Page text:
Next up, we plant around 6kg of Agria in mid-late October. This often returns us over 40kg of potatoes. We cure and store them to get us through winter.
Chitting means to let the potatoes start to go green and grow shoots. This gives them a head-start when you plant them and reduces the chance they’ll just rot in the soil.
The 2021 Agrias set out for chitting.
Keep your seed potatoes somewhere they are dry, but exposed to indirect sunlight. Chitting will take about a month.
I place my potatoes in egg cartons. This keeps air circulating and mostly prevents shoots being accidentally knocked off.
I’ve found rotating the potatoes about once a week helps to develop more shoots as they seem to prefer to shoot on whatever side is pointing up.
Your seed potatoes are ready to plant when your sprouts are 1-2cm long.
Doubling your investment
One technique I’ve begun playing with more recently is cutting my seed potatoes before I plant them. This can double the number of ‘seed potatoes’ you have to plant.
It’s is a tip I picked up from the Joe Gardener Podcast (episode 199). Any potato bigger than an egg should be cut into two or more pieces, around the size of half an egg. Each piece should have at least one sprout.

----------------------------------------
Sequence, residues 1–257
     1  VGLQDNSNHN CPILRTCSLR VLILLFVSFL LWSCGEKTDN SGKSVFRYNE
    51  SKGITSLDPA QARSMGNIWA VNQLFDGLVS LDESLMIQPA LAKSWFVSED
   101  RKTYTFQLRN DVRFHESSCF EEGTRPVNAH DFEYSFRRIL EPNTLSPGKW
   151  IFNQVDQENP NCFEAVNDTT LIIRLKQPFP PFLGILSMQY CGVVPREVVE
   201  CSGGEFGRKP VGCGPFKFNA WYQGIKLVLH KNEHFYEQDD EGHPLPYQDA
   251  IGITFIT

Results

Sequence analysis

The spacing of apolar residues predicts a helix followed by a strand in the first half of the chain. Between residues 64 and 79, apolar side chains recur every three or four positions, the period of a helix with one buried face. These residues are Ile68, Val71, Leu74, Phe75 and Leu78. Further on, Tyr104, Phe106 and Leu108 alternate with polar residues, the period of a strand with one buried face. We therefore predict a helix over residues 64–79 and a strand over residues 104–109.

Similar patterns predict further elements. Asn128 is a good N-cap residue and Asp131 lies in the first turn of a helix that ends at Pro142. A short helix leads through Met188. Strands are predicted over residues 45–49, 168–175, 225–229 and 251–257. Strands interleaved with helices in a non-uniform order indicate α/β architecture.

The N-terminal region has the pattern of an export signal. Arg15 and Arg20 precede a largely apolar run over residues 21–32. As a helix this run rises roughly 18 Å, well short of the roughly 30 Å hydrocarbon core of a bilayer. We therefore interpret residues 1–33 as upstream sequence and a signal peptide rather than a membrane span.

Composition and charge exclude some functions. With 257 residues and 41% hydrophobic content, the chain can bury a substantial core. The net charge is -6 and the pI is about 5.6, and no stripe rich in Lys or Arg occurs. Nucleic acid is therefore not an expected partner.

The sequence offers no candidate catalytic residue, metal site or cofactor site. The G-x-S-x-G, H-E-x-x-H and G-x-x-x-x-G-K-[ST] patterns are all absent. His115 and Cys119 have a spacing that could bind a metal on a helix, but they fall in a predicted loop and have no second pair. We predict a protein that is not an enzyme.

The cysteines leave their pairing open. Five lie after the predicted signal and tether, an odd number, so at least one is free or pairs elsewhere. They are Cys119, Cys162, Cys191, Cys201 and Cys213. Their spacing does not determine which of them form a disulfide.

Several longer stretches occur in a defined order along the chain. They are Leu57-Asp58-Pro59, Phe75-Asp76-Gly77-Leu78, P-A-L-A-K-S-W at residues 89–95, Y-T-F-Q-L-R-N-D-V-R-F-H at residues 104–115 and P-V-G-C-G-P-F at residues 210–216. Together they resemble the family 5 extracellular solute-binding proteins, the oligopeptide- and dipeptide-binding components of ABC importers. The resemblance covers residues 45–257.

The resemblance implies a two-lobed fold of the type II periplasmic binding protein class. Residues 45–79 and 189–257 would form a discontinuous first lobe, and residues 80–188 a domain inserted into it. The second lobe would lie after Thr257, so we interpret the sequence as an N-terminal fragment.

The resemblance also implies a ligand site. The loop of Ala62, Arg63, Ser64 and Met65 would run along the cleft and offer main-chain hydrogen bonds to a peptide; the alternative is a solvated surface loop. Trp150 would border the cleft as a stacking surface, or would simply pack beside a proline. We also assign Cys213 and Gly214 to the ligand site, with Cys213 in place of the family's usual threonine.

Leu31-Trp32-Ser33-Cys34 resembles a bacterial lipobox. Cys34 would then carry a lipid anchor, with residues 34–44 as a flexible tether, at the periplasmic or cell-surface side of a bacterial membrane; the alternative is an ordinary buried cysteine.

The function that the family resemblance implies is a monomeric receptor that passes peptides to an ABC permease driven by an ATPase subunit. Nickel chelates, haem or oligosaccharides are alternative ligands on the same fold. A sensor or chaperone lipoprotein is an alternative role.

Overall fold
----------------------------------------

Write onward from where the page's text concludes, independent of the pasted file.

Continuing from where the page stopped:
The pieces are then given a couple of days for the cuts to dry and heal before planting.
Preparing the patch
Avoid adding lime to your garden before potatoes. They prefer a more acidic soil and lime makes the soil more alkaline.
Additionally, fresh compost can also have a negative effect on the quality of your harvest. Both lime and fresh compost are known to increase the prevalence of scab. Scab is rough brown patches on the skin. You can still eat potatoes if they have scab, but it pays to peel them if you have a lot of it.
Potato fertiliser is made with this balance in mind, and if you think your soil needs a boost, is the best additive.
If you are planting in garden beds, then Potato Food is what you want. A 1.5kg bag will prepare up to 5m² of soil.
Preparing the pots
If you are growing in containers, don’t use potato food, it will overload your soil. To be honest, a good quality potting or vegetable mix is really all you need in the 3 or 4 months you’re growing your crop. Generally you need about one bag per container.
But if you want to supercharge you efforts, you can use a slow release fertiliser like Tui Enrich Vege, Tomato, and Herb. You’ll be able to use this in your other containers as well.